Sizzling Balut takes our classic balut to a whole new level of yum! Fried until golden and cooked in a spicy sauce, it makes a tasty appetizer or main dish.
G and I watched a Top 10 weird foods from around the globe video on YouTube yesterday, and balut, not surprisingly, was at the top of the list. Watching the guy in the video gingerly sip the flavorful juices and bite into the succulent embryo, I had a mad craving for this classic Filipino delicacy.
Unfortunately, balut is not something I can readily buy here in Texas, so I guess updating this sizzling balut recipe I first posted in 2014 is the next best thing to eating one.
When I went home to the Philippines in 2103, my cousin, Margie, treated me to dinner along with a few other cousins and friends at a popular balikbayan destination in Tarlac. Although I found the restaurant's ambiance, food, and service good but not great, I was very impressed by the sizzling balut on their menu.
The lightly-battered duck eggs slathered in a spicy mixture of oyster sauce and chili peppers were such a delicious experience, I scoured dozens of Asian supermarkets when I came back to the U.S. to find balut and make my version of the appetizer.
May I say the extra effort was well worth it as the dish turned out so tasty and has been my favorite appetizer since!
What is Balut
For the uninitiated, balut is a fertilized duck egg boiled and eaten in the shell. It's popular street food in the Philippines and Southeast Asian countries such as Cambodia, Thailand, and Vietnam.
This unique delicacy is usually eaten with a sprinkling of salt and traditionally enjoyed as a snack or appetizer with an ice-cold beer.
Balut with spicy sauce is delicious as an appetizer and makes the perfect pair to ice-cold beer or your favorite drinks. Serve it on sizzling plates to retain heat!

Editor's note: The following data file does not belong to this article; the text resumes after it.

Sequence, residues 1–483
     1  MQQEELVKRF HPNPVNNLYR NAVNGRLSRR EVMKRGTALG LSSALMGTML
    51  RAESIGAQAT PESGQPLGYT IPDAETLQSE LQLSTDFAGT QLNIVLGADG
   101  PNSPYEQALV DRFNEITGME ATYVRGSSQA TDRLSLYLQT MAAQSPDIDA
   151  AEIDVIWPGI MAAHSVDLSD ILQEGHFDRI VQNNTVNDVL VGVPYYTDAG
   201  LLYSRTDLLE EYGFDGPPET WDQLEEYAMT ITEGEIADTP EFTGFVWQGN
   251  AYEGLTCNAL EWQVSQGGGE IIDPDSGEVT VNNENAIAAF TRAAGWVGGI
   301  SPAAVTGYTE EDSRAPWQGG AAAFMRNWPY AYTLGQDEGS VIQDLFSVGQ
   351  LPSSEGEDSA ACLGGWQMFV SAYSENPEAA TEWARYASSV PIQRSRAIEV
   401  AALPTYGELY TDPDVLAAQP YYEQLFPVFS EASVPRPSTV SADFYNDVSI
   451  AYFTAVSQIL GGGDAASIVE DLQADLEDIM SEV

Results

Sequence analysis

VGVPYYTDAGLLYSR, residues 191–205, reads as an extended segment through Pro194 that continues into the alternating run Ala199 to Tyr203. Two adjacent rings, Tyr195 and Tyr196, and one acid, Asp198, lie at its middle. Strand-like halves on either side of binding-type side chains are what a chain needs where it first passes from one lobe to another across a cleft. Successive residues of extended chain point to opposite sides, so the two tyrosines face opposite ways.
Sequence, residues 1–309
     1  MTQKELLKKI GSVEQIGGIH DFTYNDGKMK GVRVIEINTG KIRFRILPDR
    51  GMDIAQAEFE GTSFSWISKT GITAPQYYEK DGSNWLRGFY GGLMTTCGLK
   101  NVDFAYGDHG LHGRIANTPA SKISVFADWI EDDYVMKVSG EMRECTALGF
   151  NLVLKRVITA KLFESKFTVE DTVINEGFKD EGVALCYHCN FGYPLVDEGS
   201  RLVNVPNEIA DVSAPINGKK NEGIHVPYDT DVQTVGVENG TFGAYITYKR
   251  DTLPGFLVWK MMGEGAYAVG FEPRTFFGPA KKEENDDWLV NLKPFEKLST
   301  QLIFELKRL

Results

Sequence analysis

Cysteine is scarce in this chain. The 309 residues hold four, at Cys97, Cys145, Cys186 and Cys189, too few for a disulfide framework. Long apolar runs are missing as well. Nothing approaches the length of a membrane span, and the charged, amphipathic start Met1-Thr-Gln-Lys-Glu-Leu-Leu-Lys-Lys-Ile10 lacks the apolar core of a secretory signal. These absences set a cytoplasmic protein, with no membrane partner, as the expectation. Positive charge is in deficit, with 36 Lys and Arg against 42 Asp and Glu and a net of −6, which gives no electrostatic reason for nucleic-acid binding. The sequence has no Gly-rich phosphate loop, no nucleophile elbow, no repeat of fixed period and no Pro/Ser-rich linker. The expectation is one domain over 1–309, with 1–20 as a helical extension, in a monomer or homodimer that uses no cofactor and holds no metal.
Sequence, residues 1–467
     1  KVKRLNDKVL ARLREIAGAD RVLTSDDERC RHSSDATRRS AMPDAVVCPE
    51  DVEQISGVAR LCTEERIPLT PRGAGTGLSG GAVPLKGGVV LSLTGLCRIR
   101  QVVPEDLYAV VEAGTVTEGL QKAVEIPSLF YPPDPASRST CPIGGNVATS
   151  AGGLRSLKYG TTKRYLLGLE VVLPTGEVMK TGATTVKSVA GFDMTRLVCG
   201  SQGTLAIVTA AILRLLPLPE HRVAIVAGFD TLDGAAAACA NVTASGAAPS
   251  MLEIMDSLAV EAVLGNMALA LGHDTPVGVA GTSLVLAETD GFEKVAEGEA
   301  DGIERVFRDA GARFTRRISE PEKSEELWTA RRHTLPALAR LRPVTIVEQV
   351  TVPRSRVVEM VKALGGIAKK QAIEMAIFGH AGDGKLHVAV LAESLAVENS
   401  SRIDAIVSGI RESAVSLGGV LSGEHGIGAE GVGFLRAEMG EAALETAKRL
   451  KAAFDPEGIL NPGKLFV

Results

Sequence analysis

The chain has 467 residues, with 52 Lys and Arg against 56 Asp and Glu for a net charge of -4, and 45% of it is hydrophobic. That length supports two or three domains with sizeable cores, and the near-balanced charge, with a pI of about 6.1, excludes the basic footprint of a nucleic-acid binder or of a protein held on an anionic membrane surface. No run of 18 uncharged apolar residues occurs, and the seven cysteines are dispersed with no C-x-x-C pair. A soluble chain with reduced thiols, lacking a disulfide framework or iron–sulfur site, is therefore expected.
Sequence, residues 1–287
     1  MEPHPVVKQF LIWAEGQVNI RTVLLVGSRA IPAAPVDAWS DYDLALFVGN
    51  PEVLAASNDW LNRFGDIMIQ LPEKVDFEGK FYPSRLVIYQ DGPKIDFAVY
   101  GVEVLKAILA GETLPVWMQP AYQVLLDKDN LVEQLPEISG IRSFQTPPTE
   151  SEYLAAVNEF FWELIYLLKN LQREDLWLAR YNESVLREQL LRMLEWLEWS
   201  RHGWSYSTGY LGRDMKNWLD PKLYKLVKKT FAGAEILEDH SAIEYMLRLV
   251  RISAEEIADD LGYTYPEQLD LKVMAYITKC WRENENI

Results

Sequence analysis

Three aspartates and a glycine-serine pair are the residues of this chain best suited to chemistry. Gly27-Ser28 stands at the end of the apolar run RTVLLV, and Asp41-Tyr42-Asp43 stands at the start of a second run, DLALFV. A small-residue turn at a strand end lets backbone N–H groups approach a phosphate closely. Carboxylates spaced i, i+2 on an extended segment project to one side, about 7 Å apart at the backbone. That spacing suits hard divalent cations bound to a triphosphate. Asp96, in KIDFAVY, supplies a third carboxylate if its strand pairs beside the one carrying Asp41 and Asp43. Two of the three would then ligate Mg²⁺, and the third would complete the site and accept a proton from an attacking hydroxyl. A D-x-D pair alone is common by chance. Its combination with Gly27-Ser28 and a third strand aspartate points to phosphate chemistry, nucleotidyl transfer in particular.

Don't forget to preheat the plates in the oven or on the stovetop for a few minutes before serving.
- 4 balut, cooked and peeled
- ¼ cup flour
- ¼ cup canola oil
- 2 shallots, peeled and chopped
- 2 cloves garlic, peeled and minced
- 1 thumb-size ginger, peeled and minced
- 3 Thai chili peppers, minced
- ½ small red bell pepper, seeded and chopped
- 1 tablespoon soy sauce
- 3 tablespoons oyster sauce
- ¼ cup water
- 1 tablespoon green onions, chopped
- pepper to taste
- In a shallow plate, lightly dredge peeled balut with flour.
- In a wide pan over medium heat, heat oil. Add balut and cook, turning once or twice, until lightly browned. Remove from heat and drain on paper towels.
- Remove oil except for about 1 tablespoon from the pan. Add shallots, garlic, ginger, chili peppers, and bell pepper. Cook, stirring regularly, until softened and aromatic.
- In a bowl, combine soy sauce, oyster sauce, and water. Stir together until blended. Add to pan and bring to a boil.
- Add balut and continue to cook, gently turning to coat in sauce, until heated through and sauce is thickened. Season with pepper to taste.
- Remove from pan and arrange on sizzling plates. Garnish with green onions and serve hot.
“This website provides approximate nutrition information for convenience and as a courtesy only. Nutrition data is gathered primarily from the USDA Food Composition Database, whenever available, or otherwise other online calculators.”